Ladakh is one of the most beautiful places on earth – its home to lakes, picturesque mountains, soaring peaks, beautiful monasteries and endless natural beauty you want to run through. Ladakh is dotted with colourful monasteries and is also a popular destination for adventure buffs. Within Ladakh flows the River Indus Zanskar, which draws river rafters from far and wide. Ladakh is always an allurement to the tourists especially for the foreign & domestic tourists. There are a number of people in different countries who love to visit Ladakh. While a lot has been written about Leh Ladakh but, people are still unaware of the hidden getaways in Ladakh. There are lots of interesting and exquisite offbeat destinations in Ladakh. Ladakh offers every spirit of tourism like pilgrimage, shivering hill station, rich culture heritage, romantic beaches, adventurous activities, historical landmarks etc. Ladakh is among the most beautiful places in India and one of best places to catch different attraction at one place. Whether you’re looking for a travel package to relax and indulge, special travels in Ladakh with friends and family, a trip to your favourite chill out spot or a new adventure, you’ve come to the right place.
LIST OF TOURISM ATTRACTIONS IN LEH LADAKH
Shanti Stupa is situated at a height of 4267 meters overlooking the Leh city, it gives a panoramic view of surrounding snow capped mountains . Situated at a distance of about 5 km drive able road from the Leh city or one can reach here by climbing 500 steps . The location of Shanti Stupa is such that it is visible from all over Leh city. The Shanti Stupa is white-colored domed-shaped structure, located in Chandspa which looks extremely beautiful during night when it is illuminated.
It was built in 1991 by Japanese Buddhist Bhikshu Gyomyo Nakamura, Ladakhis offered voluntary labor, construction started in 1983 and it was inaugurated in August 1991 by His Holiness The Dalai Lama. It is considered a symbol of the ties between the people of Japan and Ladakh. The Shanti Stupa was built to promote world peace and prosperity and to commemorate 2500 years of Buddhism. It is considered a symbol of the ties between the people of Japan and Ladakh. It is built as a two level structure, a flight of stairs leads to the first level where a Dharmchakra (as in white strip of Indian national flag) with two deer on each side, features a central image of Lord Buddha in golden colour sitting on a platform turning the Dharmchakra wheel, the second level depicting the birth of Buddha, defeating of devils in meditation and death of Buddha along with many small images of meditating Buddha, all embossed in vibrant colours.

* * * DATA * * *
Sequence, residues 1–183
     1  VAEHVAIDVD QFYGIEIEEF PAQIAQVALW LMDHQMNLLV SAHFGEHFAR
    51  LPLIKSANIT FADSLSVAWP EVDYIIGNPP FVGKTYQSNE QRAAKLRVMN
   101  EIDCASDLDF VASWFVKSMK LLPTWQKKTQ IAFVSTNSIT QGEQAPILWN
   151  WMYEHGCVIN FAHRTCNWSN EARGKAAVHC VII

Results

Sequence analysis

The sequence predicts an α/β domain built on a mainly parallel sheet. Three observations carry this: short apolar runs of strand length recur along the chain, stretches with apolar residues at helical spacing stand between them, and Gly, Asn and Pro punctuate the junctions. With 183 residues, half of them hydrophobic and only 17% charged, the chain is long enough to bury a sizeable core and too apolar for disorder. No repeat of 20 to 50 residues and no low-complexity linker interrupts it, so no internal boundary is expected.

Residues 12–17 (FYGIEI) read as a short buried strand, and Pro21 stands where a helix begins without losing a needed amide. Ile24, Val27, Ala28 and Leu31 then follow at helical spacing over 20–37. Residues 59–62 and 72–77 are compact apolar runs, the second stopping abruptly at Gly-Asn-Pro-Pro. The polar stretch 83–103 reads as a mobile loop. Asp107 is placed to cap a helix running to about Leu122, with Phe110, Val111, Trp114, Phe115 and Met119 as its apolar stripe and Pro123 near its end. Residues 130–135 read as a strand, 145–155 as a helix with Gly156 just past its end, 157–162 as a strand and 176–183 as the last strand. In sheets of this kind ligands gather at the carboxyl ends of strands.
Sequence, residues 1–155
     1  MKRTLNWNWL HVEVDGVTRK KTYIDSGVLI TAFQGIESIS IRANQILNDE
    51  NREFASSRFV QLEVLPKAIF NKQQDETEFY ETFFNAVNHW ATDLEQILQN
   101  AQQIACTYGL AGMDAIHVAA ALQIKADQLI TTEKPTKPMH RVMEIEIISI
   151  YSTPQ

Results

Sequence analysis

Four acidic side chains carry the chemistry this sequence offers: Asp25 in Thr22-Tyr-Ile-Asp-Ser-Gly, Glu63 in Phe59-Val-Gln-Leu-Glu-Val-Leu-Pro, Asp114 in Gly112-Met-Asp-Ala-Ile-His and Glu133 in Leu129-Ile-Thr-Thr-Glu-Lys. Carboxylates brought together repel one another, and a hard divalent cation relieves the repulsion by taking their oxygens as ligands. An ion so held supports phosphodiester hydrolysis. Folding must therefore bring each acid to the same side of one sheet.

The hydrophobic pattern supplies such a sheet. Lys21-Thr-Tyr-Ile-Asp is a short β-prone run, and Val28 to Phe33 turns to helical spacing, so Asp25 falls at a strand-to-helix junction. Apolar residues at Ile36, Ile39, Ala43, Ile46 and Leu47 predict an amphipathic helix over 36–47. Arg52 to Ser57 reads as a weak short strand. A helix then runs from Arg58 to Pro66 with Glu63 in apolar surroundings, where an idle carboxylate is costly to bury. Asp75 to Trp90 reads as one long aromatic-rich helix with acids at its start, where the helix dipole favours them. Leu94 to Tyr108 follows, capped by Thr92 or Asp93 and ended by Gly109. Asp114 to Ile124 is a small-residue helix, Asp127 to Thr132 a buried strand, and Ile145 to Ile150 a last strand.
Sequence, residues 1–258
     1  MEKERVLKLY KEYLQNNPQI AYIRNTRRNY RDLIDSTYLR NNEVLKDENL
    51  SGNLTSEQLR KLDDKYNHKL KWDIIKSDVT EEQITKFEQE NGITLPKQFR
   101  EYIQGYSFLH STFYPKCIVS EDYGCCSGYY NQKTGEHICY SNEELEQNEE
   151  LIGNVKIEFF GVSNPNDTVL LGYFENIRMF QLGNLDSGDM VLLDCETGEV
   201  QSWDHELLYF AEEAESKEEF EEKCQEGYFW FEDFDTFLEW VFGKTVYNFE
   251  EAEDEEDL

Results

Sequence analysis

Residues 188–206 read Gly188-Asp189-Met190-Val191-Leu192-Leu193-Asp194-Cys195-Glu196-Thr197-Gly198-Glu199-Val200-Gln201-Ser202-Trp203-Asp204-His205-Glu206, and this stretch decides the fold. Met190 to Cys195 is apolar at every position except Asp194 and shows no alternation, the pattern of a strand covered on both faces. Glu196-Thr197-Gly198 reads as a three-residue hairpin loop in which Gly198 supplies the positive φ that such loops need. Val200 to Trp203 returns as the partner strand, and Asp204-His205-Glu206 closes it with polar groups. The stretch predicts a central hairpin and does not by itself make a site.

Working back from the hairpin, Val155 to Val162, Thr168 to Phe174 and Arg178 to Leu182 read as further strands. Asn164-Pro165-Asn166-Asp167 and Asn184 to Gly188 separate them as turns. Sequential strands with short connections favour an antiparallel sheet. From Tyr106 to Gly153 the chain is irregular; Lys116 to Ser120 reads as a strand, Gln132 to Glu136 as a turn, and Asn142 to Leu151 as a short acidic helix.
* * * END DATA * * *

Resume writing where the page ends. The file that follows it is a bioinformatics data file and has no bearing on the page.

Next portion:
The Shanti Stupa is said to be the most famous tourist attraction around Leh, though its architectural style is different from the traditional Ladakhi style. The Shanti Stupa overlooks the city of Leh, providing panoramic views of the city, the village of Changspa, Namgyal Tsemo in the distance and the surrounding mountains. The stupa is open for tourists between 5:00 a.m. and 9:00 p.m. Sunrise and sunset are considered to provide the best views from Shanti Stupa.
Leh Palace is one of the most fascinating architectural ruins that still attracts the visitors to Ladakh. Due to its location at the edge of the Namgya hill, it catch the attention of the tourists more than anything else. Leh Palace is a former royal palace overlooking the Ladakhi Himalayan town of Leh. Modelled on the Potala Palace in Lhasa Tibet, the palace was built by King Sennge Namgyal in the 17th century.
The Leh Palace has nine stories which are in ruins now. Though it has been maintained now, it is uninhabited. The majestic palace overlooks the Namgyal hill and is nestled amidst breath taking locales of the Himalayas. Right above the palace is the famous Victory Tower that was built in the memory of the triumphant brave Ladakhi soldiers who fought the invading armies of Balti Kashmiris in the early 16th Century. Today, the palace serves as an office for Indian Government’s Archaeological Conservation Organization. The Archaeological Survey of India (ASI) is restoring some of the ruined portions of this nine-storey palace. While the store rooms were on the lower floors, the royalty resided on the upper floors.
There is a museum in the palace in which some Thangkas and paintings are displayed. You can view the whole town from the roof of the Leh palace. The palace provides wonderful views of the mountain of Stok Kangri and some part of the Zankar Mountain across the Indus Valley. You can also enjoy the views of the snow capped mountains and landscape.
Situated in a beautiful locale surrounded by Stok Kangri range, Markha and Indus valleys, Stok is a visual treat for visitors. The Stok Palace Ladakh was initiated in the year 1814, as the safe haven to the royal clan and was positioned on the opposite side of Leh beside the Indus River Bank. This Ladakh monastery turned palace is the only colonized palace, the other two – Leh and Shey Palace are in ruins of times. Stok Palace is the less majestic yet more famous of the palaces in Ladakh. At some 14 km from Leh, it was the once summer palace of Ladakh’s royal family.